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 Skip Navigation LinksHome > Newsletter > Winter Edition 2019 > Did You Know?  
Newsletter Did You Know…
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…that Israeli and U.S. scientists created a new “map” that could pave the way for new hearing loss treatments? Epigenetics is the expression and control of genes. The epigenetics involved in the inner ear is a critical part of the mystery of hearing. As part of a BSF-funded project, a team led by Prof. Karen B. Avraham, Vice Dean of the Sackler Faculty of Medicine at Tel Aviv University (TAU), has now created the first map of "methylation" -- one of the body's main epigenetic signals -- that reflects the functioning of the inner ear in its entirety. Avraham collaborated with TAU doctoral student Ofer Yizhar-Barnea and Prof. R. David Hawkins of the University of Washington. Their research was recently highlighted in Scientific Reports. Read more here. 

Photo: Amiyaal Ilany
…there’s a science to successful social groups? BSF grantee Erol Akcay of the University of Pennsylvania School of Arts and Sciences is using a mathematical model to better understand the dynamics behind social group cohesion or eventual collapse. He found that while closely connected social networks make cooperation more likely, the dynamics of such groups are not stable and may paradoxically lead to cooperation's demise. The work builds upon studies Akcay pursued with Dr. Koren Lee, and researcher Amiyaal Ilany, both of Bar-Ilan University. The project, featured recently in Nature, included a close examination of spotted hyenas, focusing on how they interact in large groups and on hunts.The project was featured recently in Nature. Read more here.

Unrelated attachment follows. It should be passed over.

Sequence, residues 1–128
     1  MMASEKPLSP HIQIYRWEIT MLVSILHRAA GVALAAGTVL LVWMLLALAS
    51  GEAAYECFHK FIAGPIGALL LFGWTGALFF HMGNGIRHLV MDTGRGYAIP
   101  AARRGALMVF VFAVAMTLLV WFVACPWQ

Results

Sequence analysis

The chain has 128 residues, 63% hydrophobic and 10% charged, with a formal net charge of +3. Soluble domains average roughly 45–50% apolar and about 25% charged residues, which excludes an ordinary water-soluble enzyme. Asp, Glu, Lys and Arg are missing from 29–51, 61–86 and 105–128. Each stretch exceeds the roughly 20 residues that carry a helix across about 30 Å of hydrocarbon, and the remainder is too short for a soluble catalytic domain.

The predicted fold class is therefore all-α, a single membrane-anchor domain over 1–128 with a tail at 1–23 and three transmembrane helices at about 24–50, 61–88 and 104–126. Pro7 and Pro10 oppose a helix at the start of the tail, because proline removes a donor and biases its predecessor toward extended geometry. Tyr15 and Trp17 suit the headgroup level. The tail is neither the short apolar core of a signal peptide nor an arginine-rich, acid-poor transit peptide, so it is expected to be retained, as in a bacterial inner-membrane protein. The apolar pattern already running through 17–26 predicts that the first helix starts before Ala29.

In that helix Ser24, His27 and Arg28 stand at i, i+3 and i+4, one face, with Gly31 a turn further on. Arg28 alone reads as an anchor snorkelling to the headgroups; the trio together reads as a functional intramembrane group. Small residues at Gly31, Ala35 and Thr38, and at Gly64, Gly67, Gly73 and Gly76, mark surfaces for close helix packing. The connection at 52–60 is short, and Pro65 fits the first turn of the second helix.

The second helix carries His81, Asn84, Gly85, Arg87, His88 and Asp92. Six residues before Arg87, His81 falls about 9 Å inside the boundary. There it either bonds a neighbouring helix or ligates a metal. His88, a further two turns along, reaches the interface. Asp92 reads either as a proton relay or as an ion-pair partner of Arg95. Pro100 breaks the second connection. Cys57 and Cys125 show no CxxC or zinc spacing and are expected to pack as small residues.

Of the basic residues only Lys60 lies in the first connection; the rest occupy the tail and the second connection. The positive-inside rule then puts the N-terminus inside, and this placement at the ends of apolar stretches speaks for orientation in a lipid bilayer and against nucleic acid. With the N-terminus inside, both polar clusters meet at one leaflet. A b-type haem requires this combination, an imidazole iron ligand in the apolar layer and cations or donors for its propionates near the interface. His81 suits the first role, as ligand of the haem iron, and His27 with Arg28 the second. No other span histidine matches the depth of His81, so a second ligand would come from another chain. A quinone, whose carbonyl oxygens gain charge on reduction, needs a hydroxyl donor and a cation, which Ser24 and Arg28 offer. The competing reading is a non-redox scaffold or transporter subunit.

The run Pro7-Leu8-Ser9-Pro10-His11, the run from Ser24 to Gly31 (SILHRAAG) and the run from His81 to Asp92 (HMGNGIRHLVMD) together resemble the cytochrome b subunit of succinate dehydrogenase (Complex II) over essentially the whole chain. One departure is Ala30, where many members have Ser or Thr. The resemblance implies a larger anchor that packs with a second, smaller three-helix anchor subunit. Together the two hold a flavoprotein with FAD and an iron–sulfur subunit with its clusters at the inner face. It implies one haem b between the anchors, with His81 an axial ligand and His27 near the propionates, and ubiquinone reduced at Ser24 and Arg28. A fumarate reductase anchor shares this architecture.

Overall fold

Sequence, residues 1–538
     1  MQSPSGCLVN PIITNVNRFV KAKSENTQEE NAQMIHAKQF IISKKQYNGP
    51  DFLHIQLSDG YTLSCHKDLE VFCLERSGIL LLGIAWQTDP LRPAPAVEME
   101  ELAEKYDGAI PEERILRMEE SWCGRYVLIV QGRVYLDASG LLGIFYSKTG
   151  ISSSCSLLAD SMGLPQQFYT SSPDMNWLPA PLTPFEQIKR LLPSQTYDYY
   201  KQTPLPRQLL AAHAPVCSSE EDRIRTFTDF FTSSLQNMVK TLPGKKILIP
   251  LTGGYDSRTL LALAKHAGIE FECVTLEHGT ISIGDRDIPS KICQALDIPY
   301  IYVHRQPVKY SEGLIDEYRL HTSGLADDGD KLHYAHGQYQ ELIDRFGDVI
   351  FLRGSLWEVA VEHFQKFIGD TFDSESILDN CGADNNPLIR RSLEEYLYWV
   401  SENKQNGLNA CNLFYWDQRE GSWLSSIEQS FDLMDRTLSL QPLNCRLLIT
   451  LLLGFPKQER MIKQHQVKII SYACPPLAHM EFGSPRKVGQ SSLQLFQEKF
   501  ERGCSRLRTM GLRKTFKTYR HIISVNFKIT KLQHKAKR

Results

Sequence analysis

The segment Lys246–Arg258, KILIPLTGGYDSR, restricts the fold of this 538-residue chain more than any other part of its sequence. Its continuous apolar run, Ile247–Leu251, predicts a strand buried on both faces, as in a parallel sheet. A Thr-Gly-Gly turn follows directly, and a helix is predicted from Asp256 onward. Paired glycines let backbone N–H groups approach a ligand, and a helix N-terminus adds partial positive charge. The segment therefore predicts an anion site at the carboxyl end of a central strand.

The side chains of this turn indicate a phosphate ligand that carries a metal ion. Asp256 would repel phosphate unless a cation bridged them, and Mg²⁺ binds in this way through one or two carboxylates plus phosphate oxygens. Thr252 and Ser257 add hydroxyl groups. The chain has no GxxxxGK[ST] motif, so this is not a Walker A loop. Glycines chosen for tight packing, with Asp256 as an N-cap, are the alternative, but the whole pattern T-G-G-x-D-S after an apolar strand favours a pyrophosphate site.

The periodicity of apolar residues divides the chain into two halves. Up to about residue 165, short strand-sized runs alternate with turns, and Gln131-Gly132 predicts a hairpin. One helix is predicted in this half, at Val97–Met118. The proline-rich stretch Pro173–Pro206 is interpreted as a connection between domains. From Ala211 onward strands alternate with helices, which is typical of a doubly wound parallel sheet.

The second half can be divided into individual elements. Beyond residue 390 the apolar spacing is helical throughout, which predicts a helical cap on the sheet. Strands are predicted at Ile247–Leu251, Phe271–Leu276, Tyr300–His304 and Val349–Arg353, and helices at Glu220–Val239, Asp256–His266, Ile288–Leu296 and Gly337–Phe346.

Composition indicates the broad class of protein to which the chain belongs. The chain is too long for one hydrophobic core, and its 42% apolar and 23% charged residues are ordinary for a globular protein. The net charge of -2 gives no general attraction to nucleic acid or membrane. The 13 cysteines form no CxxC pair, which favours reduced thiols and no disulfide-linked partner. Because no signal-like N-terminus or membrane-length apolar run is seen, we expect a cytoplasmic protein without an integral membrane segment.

…that BSF has an extensive evaluation system for approving grant proposals? For the recent application cycle, BSF received 383 grant proposals. There were 963 applicants – including 480 from Israel and 483 from the United States. The applications are reviewed by panels of esteemed scientists representing every scientific discipline funded by BSF. We are fortunate to count on the expertise of 112 panel members from Israel and the U.S. BSF expects an estimated 1,600 evaluations from scientists around the world. Based on their recommendations, BSF will determine projects that will receive future BSF grants. Click here for more information.

…that the U.S. National Science Foundation has more joint scientific programs with Israel than with any other country? BSF and the U.S. National Science Foundation (NSF) have been working together to fund scientific research projects for the past five years. Currently, there are 15 active programs involving 12 NSF divisions and 3 interdivisional programs, including two that also include the U.S. National Institutes of Health. For 2017-2018, joint U.S.-Israel projects had a 32 percent success rate, which is higher than the average rate for lone U.S. projects. With additional NSF divisions seeking to join the BSF-NSF partnership, even more areas of cooperation will open for U.S. and Israeli scientists in the near future. Check here for the latest details on funding opportunities.
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